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Poetry

JANGAR

JANGAR

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The first English translation of a Kalmyk epic nearly lost to history.

This is the first English translation of Jangar, the heroic epic of the Kalmyk nomads, who are the Western Mongols of Genghis Khan's medieval empire in Europe. Today, Kalmykia is situated in the territory that was once the Golden Horde, founded by the son of Genghis Khan, Juchi. Although their famed khanates and cities have long since disappeared under the sands of the Great Eurasian Steppe, the Kalmyks have witnessed, memorized, and orally transmitted some of the most transformative developments, both victorious and tragic, in the history of civilizations. A tribute to the protectors of the mythical country Bumba, Jangar reflects the hopes and aspirations of the Kalmyk people as well as their centuries-long struggle for their cultural existence.

This new English translation is more than a tribute to the artistic creativity and imagination of the Kalmyk people--it is also an important step in their struggle for cultural survival. It was only after centuries of oral transmission that the songs and stories surrounding Jangar were written down. When the first translation, into Russian, finally appeared, Stalin had the entire Kalmyk population deported to Siberia and ordered that their national literature be eliminated from the published world. This Soviet repression has had enormous consequences for world literature, silencing nomadic voices and keeping hidden their distinctive contributions. Making Jangar available in English is a landmark event, bringing a lost classic to the world's attention and restoring the voices of an almost-erased tradition at the heart of the history of Eurasia.

JEJURI

JEJURI

By: Kolatkar, Arun
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A sequence of stunningly simple but haunting poems, Jejuri is one of the great books of modern India. Jejuri is a site of pilgramage in author Arun Kolatkar's native state of Maharashtra, and Jejuri the poem is the record of a visit to the town -- a place that is as crassly commercial as it is holy, as modern and ruinous as it is ancient and enduring. Evoking the town's crowded streets, many shrines, and mythic history of sages and gods, Kolatkar's poem offers a rich description of India while at the same time performing a complex act of devotion. For the essence of the poem is a spiritual quest, the effort to find the divine trace in a degenerate world. Spare, comic, sorrowful, singing, Jejuri is the work of a writer with a unique and visionary voice.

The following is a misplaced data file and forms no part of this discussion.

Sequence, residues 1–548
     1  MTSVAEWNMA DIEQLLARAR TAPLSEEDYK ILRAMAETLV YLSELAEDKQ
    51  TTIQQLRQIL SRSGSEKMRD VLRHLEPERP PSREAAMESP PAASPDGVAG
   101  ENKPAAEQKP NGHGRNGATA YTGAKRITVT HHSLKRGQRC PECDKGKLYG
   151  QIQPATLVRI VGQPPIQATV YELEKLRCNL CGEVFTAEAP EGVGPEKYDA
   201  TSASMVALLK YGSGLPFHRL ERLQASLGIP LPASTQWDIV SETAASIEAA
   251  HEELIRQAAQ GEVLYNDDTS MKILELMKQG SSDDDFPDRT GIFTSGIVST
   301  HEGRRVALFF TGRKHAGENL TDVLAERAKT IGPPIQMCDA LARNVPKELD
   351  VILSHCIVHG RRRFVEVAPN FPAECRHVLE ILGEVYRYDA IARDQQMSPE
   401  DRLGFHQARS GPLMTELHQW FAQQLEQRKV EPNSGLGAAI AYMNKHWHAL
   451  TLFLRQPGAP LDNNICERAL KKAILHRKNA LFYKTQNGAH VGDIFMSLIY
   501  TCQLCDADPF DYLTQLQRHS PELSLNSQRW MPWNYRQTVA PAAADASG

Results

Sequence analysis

JOHN ASHBERY: COLLECTED POEMS 1991-2000: LIBRARY OF AMERICA #297

JOHN ASHBERY: COLLECTED POEMS 1991-2000: LIBRARY OF AMERICA #297

By: Ashbery, John
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The second volume of Library of America's definitive edition, including the modern classic Flow Chart in a newly corrected text.

Published for his ninetieth birthday, Library of America presents the second volume of John Ashbery's collected poems, spanning a crucial and prolific decade in the poet's work. The volume opens with the indispensable Flow Chart (1991), in a complete text for the first time. The other collections gathered here--Hotel Lautréamont (1992), And the Stars Were Shining (1994), Can You Hear, Bird (1995), Wakefulness (1998), and Your Name Here (2000)--show Ashbery perfecting the playful, cerebral style that has made his poetry a genre unto itself, highly influential and often imitated. Long an art critic and one of the shrewdest observers of the American art scene, Ashbery engages with the renowned outsider artist Henry Darger in the fascinating book-length poem Girls on the Run (1999), inspired by the exuberant, unsettling fictional universe Darger created. The volume concludes with a selection of twenty-six previously uncollected poems.